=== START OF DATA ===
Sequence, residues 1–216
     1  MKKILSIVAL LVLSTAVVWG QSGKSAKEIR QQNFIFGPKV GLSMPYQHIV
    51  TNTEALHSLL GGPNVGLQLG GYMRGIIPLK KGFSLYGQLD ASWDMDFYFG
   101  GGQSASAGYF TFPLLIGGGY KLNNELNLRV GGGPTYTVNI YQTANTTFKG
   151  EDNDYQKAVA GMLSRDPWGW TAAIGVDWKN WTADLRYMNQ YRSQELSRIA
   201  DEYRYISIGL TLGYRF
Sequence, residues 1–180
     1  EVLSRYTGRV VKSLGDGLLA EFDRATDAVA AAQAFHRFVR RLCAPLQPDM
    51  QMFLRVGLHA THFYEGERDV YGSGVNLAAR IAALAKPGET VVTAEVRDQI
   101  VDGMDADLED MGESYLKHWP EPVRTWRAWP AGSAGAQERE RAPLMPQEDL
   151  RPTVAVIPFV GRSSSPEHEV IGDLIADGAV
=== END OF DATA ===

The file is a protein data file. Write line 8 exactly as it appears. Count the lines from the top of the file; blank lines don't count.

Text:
     1  EVLSRYTGRV VKSLGDGLLA EFDRATDAVA AAQAFHRFVR RLCAPLQPDM